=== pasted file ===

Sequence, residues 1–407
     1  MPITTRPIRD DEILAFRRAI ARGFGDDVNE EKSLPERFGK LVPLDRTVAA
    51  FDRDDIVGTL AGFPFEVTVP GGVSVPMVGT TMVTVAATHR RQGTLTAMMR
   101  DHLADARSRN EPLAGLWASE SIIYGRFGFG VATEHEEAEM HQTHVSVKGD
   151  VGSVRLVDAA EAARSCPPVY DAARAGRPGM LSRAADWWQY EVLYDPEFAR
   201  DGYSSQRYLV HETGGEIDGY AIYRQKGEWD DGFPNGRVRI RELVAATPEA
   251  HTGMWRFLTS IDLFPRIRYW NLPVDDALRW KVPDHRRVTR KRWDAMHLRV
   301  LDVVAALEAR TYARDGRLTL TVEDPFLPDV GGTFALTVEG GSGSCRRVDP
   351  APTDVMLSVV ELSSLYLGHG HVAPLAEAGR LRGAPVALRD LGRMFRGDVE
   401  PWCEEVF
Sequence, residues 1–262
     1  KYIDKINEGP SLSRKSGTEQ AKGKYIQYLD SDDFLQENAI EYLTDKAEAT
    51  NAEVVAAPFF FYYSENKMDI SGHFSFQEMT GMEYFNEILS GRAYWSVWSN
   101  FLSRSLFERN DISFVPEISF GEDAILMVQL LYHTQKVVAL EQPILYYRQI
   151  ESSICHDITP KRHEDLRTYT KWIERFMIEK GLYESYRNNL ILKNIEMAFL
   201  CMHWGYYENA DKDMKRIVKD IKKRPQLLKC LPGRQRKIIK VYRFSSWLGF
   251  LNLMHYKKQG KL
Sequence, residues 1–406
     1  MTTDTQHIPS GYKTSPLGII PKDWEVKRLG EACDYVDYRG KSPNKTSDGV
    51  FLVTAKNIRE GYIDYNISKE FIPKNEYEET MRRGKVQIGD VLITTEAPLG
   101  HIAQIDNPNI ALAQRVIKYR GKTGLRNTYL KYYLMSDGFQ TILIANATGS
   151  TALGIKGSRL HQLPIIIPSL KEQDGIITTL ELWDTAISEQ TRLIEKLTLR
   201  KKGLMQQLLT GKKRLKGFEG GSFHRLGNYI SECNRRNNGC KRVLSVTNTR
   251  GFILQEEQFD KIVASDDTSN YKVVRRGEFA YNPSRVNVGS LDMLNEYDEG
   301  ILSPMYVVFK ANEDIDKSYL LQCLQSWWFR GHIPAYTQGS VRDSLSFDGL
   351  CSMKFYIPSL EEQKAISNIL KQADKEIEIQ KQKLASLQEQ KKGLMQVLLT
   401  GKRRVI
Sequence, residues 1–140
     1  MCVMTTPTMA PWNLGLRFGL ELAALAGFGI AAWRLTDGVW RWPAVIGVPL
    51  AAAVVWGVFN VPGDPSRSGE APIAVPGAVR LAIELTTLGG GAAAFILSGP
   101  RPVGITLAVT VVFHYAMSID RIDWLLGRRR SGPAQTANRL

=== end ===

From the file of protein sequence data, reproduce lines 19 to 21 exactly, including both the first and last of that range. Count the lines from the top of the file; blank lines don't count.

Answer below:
     1  MTTDTQHIPS GYKTSPLGII PKDWEVKRLG EACDYVDYRG KSPNKTSDGV
    51  FLVTAKNIRE GYIDYNISKE FIPKNEYEET MRRGKVQIGD VLITTEAPLG
   101  HIAQIDNPNI ALAQRVIKYR GKTGLRNTYL KYYLMSDGFQ TILIANATGS